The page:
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People are the most important assets of an organisation
Created on 2014-11-11 11:38
Published on 2014-11-11 11:38
People are the most important assets of an organisation. Succeeding through the ‘Talent of People’ is one of the fundamental concepts of EFQM (European Foundation for Quality Management). However, an important point is that organisations need to nurture and create an environment which enables to free the talent of people and one of the ways is by empowering their employees.
But, how does an organisation go about putting employee empowerment into practice?
Employee empowerment is a radical change for organisations and the management of (any) change requires significant planning and a focused strategy. A CEO of a company who was applying for the EFQM Award said to me, ‘Is there a list of do’s and don’ts for employee empowerment?’
Having a list of do’s and don’ts in this respect will not be helpful, as there are several things that need to be considered before, during and after the implementation of employee empowerment. Of critical importance is knowledge and understanding and this should follow with an awareness of potential difficulties and problems that may arise when putting ‘employee empowerment’ into practice.
Based on my research findings and honest responses from leaders, senior management, middle management and non-management participants, I have drawn up some important alerts which may be helpful for CEOs and Strategy Planners (Huq, 2010). Just sharing three points here that an organisation need to think about initially:
- Acquire knowledge about employee empowerment. Ultimately, everybody in the organisation need to understand what employee empowerment is. However, the onus is on the CEO first to make sure that he/she has knowledge and understanding about this important policy that the organisation is about to implement.
This needs to be flagged up all the time – the importance of understanding what employee empowerment is.
Morrell and Wilkinson (2002) point out that, ‘The term (empowerment) is complex and subject to different interpretations. The implications of this are that it will not be perceived in the same way by different organisations, nor will people within the same organisation think of empowerment in the same way’ (p.121). Related to this, (Conger and Kanungo, 1988: 471-472) caution that our understanding of employee empowerment is restricted in terms of both theory and practice.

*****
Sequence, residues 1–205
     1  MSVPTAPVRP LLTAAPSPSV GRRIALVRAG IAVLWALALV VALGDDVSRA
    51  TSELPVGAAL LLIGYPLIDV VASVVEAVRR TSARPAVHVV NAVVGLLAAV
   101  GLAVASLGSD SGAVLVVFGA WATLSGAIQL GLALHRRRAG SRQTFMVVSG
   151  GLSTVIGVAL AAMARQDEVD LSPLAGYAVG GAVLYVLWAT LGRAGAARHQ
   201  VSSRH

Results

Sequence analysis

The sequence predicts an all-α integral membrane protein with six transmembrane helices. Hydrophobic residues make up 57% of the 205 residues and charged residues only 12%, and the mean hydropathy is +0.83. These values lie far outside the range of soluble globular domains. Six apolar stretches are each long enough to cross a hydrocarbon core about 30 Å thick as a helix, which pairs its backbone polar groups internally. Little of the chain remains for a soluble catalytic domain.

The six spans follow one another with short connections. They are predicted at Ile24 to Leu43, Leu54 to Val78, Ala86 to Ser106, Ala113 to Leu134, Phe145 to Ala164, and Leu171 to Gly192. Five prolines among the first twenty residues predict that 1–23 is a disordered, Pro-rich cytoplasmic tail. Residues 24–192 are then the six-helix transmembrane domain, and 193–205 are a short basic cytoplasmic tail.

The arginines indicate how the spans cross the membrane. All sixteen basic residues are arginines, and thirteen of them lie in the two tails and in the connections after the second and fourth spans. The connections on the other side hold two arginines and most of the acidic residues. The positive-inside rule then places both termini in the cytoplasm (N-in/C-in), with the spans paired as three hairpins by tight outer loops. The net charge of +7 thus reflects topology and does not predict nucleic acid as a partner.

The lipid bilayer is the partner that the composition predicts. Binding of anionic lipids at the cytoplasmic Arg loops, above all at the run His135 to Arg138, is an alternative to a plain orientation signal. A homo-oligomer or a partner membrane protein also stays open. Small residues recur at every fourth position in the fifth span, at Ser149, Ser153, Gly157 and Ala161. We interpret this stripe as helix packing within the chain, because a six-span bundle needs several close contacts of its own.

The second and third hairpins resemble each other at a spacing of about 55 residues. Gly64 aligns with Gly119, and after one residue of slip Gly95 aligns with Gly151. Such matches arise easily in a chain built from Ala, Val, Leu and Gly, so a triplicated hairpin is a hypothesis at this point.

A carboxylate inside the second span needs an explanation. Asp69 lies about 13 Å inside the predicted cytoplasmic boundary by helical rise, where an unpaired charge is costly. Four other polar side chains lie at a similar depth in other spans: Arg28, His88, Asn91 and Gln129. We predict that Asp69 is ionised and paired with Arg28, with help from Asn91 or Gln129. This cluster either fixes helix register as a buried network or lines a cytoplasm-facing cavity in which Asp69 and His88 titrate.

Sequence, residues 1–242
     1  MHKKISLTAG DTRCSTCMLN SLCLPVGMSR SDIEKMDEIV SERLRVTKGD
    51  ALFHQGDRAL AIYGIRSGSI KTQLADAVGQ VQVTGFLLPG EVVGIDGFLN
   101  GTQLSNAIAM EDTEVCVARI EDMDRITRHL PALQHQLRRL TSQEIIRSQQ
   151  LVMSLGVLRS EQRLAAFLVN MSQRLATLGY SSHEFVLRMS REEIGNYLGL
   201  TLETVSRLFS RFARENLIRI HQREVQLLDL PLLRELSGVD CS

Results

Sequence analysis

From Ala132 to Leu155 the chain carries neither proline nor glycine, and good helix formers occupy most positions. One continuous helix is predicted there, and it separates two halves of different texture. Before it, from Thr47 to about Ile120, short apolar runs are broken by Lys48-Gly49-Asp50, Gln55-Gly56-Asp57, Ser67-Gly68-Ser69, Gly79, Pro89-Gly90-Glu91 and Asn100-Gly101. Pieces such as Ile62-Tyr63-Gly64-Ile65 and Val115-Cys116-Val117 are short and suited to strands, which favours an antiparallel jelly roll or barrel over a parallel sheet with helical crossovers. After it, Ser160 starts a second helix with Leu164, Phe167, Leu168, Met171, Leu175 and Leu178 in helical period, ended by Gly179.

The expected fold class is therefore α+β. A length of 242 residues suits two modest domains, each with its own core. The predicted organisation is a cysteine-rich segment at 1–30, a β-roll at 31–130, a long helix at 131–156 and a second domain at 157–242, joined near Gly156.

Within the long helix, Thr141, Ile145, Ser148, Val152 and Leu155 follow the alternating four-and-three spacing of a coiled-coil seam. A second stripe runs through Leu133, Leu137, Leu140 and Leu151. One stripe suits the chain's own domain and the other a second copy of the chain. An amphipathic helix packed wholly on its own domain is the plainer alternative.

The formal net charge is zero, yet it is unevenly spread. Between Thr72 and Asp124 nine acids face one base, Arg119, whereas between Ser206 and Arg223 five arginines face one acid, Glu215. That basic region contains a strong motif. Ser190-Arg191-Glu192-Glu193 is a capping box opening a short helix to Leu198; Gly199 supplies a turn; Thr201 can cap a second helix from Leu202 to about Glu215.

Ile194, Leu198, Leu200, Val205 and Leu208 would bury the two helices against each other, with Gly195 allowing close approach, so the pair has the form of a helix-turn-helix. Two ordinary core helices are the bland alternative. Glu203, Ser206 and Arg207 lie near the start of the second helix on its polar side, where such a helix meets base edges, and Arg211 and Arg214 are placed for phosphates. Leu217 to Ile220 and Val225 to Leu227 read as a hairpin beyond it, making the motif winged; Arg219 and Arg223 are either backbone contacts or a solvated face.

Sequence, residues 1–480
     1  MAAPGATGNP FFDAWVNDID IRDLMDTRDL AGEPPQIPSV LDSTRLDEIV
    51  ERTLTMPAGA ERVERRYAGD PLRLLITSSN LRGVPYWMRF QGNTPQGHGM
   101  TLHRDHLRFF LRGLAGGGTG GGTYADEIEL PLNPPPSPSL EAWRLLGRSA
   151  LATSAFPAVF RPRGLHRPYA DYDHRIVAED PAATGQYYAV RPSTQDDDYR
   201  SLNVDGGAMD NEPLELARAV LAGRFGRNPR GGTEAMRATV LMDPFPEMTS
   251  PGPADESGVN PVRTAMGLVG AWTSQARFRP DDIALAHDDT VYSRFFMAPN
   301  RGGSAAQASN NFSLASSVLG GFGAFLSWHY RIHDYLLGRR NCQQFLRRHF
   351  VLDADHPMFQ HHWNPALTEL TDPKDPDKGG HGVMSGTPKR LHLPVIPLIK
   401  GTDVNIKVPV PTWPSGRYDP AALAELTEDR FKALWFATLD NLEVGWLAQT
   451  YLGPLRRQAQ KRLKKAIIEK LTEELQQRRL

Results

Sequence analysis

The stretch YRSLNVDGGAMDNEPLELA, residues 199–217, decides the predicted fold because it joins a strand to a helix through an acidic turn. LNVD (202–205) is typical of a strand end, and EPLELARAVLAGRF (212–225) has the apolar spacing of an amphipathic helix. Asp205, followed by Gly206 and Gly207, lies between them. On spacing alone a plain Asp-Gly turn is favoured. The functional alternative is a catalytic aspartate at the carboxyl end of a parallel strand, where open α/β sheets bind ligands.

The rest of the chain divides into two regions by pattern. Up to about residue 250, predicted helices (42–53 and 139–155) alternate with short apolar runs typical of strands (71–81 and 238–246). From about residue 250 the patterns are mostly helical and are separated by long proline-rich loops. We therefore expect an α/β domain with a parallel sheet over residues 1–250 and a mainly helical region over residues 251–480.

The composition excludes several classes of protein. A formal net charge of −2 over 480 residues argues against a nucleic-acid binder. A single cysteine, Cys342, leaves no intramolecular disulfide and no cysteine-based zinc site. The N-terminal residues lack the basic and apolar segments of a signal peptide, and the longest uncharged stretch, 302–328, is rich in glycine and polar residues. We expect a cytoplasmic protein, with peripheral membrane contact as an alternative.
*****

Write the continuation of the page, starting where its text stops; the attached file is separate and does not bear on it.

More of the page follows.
Hence, it is absolutely necessary and for the benefit of CEOs, leaders and employees that there is an understanding of what employee is and there is an acceptance of this meaning. After all, how can employees be expected to behave or work in an empowered way, if neither employees nor employers know what employee empowerment is? Furthermore, what behaviours should be expected from employees and equally what behaviours should employees expect from their employers? These are essential aspects of employee empowerment that need to be understood.
- Identify key people (from management and non-management positions) that need to be involved in the initial stages, sell the idea to them and get them on board.
- Organise brain storming sessions with the above team and clarify what the organisation wants to achieve through employee empowerment and why. Questions for consideration may take the form of:
– Why is the organisation addressing employee empowerment?
– In what way will it benefit their organisation?
– In what way will it benefit their customers?
– What benefits would they like realised for their employees at all levels?
It is important to involve people from management and non-management positions. This was a significant error on the part of one of my case study organisations, which had placed substantial investment in employees in management positions only. This created anger and annoyance amongst non-management people, many of whom refused to get on board, as they felt left out of the initial process. An important point often overlooked by leaders and managers is that if organisations need to employ agency workers they must value and include them as well in their employee empowerment practices accordingly. These are some of the reasons why the psychology of employee empowerment is so important. I will write about this in another post.
So, with regards to do’s and don’ts:
Do gather knowledge about employee empowerment
Don’t do it if you don’t know it.
© Copyright Dr Rozana Ahmad Huq. November, 2014.
Thank you for reading, until the next Huq Post ….
Conger, J.A. and Kanungo, R.N. (1988); The Empowerment Process: Integrating Theory and Practice, Academy of Management Review, 13, 3, pp. 471-482.
Huq, R. (2010); Employee Empowerment the rhetoric & the reality, UK, Triarchy Press.
Morrell, K. and Wilkinson, A. (2002); Perspectives On Practice. Empowerment: Through the Smoke and Past the Mirrors? London, Routledge, Taylor and Francis Ltd.
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